Measuring the sound in Pasco

Measuring the sound in Pasco »Play Video
PASCO, Wash. -- Predicting the future can be hard. Predicting how loud it will be, even harder.

Pasco is trying to do just that if it wants to save you money on road work.

You might not think twice about traffic noise, unless you live in it.

Alma Feil lives near Argent Road and I-182. She said, "I don't think it's going to get worse than what we already have."

From sun up to sun down she and her family hear nothing but cars.

"It starts about 4:30 in the morning and it ends about 11o'clock," she said.

The roads around her neighborhood are set to expand. Argent Road will go from 2 lanes to five. This clears the way for future development, including a new on-ramp planned for Road 44.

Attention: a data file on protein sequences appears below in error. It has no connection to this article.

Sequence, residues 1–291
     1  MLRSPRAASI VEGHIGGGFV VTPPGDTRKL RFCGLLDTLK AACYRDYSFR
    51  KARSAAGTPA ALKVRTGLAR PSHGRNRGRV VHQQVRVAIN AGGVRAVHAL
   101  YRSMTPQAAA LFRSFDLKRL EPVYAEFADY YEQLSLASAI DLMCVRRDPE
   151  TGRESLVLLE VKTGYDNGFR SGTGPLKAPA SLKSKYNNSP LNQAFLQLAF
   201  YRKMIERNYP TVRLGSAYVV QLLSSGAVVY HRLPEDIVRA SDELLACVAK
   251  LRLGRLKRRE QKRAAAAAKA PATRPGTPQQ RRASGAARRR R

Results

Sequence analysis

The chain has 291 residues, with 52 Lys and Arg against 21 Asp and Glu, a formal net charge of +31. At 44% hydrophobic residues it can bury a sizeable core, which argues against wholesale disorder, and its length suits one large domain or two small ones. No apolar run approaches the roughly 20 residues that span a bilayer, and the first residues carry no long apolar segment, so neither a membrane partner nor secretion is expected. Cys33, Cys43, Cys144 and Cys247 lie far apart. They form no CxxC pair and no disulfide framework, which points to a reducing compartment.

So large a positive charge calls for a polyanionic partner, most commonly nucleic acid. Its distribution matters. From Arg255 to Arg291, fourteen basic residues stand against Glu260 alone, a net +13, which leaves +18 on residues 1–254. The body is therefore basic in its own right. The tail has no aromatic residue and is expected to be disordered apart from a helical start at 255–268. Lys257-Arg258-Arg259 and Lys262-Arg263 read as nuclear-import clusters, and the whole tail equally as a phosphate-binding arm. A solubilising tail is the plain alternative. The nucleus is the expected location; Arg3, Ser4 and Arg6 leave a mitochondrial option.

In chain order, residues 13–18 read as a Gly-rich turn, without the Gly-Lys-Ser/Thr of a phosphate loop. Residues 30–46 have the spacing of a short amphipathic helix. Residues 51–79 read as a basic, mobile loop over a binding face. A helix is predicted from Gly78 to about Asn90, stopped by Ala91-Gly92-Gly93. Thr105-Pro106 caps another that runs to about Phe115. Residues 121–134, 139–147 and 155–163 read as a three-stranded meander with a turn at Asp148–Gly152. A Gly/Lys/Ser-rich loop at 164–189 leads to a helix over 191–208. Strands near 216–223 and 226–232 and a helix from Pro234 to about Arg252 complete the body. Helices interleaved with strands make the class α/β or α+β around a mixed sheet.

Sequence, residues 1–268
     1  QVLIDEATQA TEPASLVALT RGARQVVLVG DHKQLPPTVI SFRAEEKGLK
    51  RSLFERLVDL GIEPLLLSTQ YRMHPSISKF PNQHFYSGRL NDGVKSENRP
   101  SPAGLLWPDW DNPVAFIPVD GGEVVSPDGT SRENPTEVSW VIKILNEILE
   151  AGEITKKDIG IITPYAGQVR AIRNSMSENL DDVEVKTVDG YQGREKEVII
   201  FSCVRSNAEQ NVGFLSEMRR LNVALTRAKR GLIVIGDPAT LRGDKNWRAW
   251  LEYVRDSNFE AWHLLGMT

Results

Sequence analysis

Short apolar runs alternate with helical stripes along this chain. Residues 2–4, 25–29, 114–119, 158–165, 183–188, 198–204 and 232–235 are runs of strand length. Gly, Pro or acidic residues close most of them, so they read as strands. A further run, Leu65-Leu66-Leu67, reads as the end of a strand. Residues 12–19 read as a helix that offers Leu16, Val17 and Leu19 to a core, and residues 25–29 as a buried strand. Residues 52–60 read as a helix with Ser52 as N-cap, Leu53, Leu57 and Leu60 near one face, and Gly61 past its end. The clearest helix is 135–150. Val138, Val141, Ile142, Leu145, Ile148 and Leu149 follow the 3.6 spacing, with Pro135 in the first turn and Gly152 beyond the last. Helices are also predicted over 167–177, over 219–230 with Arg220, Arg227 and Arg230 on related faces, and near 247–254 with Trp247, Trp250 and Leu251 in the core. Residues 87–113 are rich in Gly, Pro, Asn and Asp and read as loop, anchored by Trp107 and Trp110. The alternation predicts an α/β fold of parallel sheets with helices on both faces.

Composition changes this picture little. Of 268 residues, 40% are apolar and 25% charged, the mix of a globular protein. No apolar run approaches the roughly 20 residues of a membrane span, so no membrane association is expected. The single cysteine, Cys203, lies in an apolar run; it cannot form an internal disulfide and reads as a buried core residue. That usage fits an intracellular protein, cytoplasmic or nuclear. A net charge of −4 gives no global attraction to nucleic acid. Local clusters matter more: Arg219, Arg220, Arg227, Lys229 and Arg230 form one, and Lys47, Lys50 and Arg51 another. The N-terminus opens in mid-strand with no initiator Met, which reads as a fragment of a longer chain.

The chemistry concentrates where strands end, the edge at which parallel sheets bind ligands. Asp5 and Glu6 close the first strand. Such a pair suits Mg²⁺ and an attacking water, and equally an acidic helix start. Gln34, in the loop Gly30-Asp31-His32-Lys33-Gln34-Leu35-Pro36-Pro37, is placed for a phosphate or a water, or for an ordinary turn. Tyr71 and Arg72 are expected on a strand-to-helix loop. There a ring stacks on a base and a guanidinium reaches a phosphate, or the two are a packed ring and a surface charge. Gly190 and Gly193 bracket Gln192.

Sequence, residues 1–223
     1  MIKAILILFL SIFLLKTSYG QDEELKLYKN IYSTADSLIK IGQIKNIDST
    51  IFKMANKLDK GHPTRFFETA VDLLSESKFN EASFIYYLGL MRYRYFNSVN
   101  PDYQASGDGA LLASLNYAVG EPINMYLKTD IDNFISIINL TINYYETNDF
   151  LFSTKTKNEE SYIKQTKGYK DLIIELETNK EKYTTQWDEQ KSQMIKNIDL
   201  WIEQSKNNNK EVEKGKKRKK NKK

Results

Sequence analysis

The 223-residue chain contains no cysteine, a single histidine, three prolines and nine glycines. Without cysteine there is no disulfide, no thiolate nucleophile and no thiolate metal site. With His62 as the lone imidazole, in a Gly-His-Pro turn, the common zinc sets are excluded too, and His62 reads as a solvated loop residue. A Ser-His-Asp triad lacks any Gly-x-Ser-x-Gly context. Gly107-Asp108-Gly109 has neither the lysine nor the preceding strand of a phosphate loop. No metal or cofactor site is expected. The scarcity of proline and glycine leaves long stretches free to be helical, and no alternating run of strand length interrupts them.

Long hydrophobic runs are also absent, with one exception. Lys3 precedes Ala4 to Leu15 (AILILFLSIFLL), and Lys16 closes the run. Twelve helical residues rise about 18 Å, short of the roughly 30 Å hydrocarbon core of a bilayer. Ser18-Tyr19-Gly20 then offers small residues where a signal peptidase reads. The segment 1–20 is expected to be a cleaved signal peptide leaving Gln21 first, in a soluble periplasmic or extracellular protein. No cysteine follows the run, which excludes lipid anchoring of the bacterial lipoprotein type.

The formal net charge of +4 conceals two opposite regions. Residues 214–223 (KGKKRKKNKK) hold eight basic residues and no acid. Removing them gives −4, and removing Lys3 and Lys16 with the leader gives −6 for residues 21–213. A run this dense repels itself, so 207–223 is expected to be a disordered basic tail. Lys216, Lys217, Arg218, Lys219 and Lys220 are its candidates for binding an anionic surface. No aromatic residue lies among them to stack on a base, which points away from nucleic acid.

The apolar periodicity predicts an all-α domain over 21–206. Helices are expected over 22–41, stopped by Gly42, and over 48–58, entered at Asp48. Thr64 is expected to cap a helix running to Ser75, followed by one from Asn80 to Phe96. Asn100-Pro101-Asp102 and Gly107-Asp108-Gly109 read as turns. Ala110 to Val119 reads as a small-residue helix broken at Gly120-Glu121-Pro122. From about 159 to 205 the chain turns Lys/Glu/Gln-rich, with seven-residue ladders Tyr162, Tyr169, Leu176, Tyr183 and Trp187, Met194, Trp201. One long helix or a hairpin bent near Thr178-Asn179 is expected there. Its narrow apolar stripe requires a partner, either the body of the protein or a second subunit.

Before all that can happen, the feds need to know about how loud things would get from the changes made.

Ahmad Qayoumia heads up all road projects for Pasco. He said, "It's predicting a human behavior."

He's factoring the added cost for these studies into the overall prices of the project. One study alone can cost tens of thousands.

"If you don't do it now, it's costs a whole lot more to do later on," he said.

The city will also check the volume expected with an extension to the Oregon Avenue corridor. Pasco plans to overhaul that street adding a roundabout large enough for freight trucks.

Closer to downtown, it's not only about how loud vehicle traffic is on the streets, it's also about how loud the trains are.

If the predicted decibel level is just too high, the city will have to adjust plans to lower it. This could includes adding walls or landscaping. This could add to the cost of keeping things quiet.

Pasco is working to get a final tab for the all of the studies. Just one often costs tens of thousands of dollars.